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I'm looking for a recommendation on block size and RAID0 stripe size.

We have a RAID0 array consisting of six SAS drives. The array is a workspace for SAS programs (I know, the various SAS references are confusing). We have a handful of these workspaces set up, and so when a user submits a SAS program on our server, their program gets it's own dedicated workspace.

Our current set up:


Filesystem: ext3

Filesystem block size: 4k

RAID0 stripe size: 64k

There are also application level settings for SAS for block size (BLKSIZE), currently set to 256 bytes -- this must have been a default value.

Is anyone familar with setting up workspaces for SAS processing that could provide feedback on our current settings? We are looking to increase performance and speed up program run times. Let me know if I've left out any information.

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up vote 1 down vote accepted

Not exactly what you were asking for, but waisting performance by using ext3 is really bad. You should really look into using ext4 or XFS.

No experience with SAS, so it's impossible for me to answer how large stripe or block size you should use. It all depends on how big the files are.

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Good point on the filesystems. I've been benchmarking various filesystems these past few days, and was happy to find a 10% performance increase, on average, when using xfs instead of ext3. I'd love to check out ext4, but I'm not sure it's ready for production use. – Banjer Jun 30 '10 at 13:02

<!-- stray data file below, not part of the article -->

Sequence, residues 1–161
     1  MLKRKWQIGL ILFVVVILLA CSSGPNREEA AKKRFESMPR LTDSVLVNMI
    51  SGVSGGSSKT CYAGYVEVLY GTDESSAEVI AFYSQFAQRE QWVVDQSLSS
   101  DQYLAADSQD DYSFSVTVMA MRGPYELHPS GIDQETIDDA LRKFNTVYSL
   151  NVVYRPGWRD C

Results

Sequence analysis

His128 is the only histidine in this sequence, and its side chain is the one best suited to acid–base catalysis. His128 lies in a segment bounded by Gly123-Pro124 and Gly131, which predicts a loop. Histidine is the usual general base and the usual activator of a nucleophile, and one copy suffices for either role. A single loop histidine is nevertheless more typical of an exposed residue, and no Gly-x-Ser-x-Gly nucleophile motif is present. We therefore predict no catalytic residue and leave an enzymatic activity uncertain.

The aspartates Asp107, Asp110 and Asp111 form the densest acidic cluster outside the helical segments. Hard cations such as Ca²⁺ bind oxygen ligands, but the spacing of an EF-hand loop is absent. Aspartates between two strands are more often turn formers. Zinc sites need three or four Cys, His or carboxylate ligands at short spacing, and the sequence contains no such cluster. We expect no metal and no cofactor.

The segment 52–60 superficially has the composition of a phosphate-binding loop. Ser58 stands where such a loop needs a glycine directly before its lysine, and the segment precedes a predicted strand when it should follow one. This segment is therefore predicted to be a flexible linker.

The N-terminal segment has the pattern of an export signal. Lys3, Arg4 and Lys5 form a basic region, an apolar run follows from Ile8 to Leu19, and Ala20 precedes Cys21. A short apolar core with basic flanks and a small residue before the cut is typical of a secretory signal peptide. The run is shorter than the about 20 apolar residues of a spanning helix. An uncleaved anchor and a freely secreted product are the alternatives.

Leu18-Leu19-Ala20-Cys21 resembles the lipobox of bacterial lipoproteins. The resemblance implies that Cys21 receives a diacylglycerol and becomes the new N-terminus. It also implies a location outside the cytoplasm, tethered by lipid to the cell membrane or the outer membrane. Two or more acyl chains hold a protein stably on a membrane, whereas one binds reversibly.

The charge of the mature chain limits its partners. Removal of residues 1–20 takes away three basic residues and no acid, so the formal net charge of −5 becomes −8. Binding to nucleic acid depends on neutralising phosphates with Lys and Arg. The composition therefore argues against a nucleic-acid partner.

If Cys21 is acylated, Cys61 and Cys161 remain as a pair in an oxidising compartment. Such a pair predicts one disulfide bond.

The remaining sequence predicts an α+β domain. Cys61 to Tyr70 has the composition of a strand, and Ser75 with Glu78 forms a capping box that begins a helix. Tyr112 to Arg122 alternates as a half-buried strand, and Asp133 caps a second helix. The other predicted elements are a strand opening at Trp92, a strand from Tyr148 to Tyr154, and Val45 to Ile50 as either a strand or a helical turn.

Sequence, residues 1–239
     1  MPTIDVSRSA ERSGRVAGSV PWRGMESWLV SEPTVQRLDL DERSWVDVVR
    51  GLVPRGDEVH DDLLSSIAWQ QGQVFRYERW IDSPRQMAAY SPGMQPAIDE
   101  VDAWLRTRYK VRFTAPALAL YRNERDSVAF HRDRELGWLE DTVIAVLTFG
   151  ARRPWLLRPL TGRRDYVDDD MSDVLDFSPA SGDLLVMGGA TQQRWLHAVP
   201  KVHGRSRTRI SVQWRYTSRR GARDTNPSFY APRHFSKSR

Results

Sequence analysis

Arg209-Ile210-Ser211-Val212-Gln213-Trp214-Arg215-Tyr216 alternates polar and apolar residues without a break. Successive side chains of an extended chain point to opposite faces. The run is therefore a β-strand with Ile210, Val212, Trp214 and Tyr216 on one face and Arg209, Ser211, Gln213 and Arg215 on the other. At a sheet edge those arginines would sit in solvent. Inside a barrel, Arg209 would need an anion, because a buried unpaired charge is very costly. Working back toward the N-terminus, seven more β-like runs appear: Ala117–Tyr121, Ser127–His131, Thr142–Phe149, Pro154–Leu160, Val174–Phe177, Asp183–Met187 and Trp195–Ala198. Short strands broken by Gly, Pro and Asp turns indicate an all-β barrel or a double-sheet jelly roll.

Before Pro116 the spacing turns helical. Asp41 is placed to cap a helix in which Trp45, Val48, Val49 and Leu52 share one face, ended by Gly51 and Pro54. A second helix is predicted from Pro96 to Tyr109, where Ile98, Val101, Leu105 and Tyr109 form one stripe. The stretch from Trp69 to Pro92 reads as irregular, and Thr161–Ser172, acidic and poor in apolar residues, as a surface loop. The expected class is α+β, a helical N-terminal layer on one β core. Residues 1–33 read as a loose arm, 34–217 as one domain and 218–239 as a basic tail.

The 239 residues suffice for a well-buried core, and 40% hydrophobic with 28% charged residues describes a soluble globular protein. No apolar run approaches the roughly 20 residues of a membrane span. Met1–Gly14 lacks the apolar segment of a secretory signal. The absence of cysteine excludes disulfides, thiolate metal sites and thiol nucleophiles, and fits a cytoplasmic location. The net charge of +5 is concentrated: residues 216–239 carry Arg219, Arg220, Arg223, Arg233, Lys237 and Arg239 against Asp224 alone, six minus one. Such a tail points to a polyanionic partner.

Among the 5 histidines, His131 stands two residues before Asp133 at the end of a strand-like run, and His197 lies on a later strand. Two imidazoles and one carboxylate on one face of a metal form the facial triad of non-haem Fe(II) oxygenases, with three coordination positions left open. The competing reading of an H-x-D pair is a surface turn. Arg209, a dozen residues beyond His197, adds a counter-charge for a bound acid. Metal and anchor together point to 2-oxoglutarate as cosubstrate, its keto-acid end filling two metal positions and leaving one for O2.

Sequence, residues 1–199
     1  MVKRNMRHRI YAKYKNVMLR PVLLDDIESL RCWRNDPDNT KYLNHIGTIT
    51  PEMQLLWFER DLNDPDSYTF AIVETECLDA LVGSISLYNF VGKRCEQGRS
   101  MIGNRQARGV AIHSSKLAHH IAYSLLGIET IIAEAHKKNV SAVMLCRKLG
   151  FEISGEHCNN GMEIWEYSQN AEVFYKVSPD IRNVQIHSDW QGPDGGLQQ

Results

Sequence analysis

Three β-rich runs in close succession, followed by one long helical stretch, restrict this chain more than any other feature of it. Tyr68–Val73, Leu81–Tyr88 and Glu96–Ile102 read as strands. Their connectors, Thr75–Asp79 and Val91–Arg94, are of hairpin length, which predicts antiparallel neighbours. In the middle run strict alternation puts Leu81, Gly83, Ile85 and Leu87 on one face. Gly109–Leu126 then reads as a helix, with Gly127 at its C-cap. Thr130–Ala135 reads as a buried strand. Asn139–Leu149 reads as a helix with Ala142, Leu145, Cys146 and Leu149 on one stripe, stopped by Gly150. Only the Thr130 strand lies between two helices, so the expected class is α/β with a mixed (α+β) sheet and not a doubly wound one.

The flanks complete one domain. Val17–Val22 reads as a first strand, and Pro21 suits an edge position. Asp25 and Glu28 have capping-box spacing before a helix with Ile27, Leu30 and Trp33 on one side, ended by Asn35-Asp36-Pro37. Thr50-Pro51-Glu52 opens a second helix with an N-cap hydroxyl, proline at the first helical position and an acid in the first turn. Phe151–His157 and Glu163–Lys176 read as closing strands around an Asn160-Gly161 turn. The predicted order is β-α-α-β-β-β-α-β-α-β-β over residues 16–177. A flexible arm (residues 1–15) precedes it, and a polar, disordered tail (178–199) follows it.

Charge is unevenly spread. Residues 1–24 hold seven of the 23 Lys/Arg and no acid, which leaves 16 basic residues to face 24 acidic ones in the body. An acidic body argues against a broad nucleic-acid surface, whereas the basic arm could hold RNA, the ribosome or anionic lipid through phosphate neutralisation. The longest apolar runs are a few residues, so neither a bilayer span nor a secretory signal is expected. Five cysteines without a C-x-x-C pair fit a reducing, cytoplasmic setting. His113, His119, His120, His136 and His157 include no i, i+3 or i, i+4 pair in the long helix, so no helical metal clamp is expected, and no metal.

ext4 is ready for production use in Ubuntu 10.4 and the latest RedHat/Fedora releases AFAIK. But yeah - every time i've benchamrked our applications and databases on Linux the winner is XFS, so I've just defaulted to it from now on. – pauska Jun 30 '10 at 14:04

Without knowing the read-write profile of the application it's pretty impossible to recommend an improved setup. RAID10 is faster if it's 90/10 (R/W), and RAID 0 is faster if it's 10/90.

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Regardless on the app settings, your hardware setup is a serious issue.

The failure probability on RAID 0 is worse than on a single disk. Assuming a 5% failure probability within X years, putting 6 disks into the equation gives you a probability of (1-(1-0.05)^6) ~= 26.5%.

Sacrifice some of your capacity and go with a RAID 10 instead. Otherwise, expect your app to fall over fast.

Ok, assuming you're using these as "scratch space": if you're using software RAID, would it be possible to switch to hardware RAID controllers?

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Considering this is a processing computer, they probably keep a backup of the system, a backup of the data going in, and just assume it'll fail once every 4 years on average. If the system is built for fast recovery (or full server redundancy) there's no reason to be that concerned. – Chris S Jun 29 '10 at 23:47
@chris OK, the TLAs were numbing my brain; if they're being used as "scratch space" then performance is possibly more important than reliability. Answer changed accordingly. – Andrew Jun 30 '10 at 1:10
Good point, a good hardware RAID card will almost always beat software RAID. – Chris S Jun 30 '10 at 2:28
Thanks for the responses. Right, it is just scratch space, i.e. just a workspace used for IO during program execution. Our setup is all about performance, no backups or redundancy needed whatsoever. We use 3ware HW RAID controllers. – Banjer Jun 30 '10 at 13:00

It all depends on how you're using it. Drives have very good sustained read/write speed, and relatively terrible seek speed. You want a drive to be able to read or write as much in a single stretch as possible. However, if you're only working on one file at a time, then you want to be able to split the work over as many drives as possible. If your stripe size is too large, then you won't be able to use as many drives.

You'll probably have to try a few setups to find your sweet spot. Don't guess; benchmark. Test it, change it, test it again, and compare. Repeat until satisfied.

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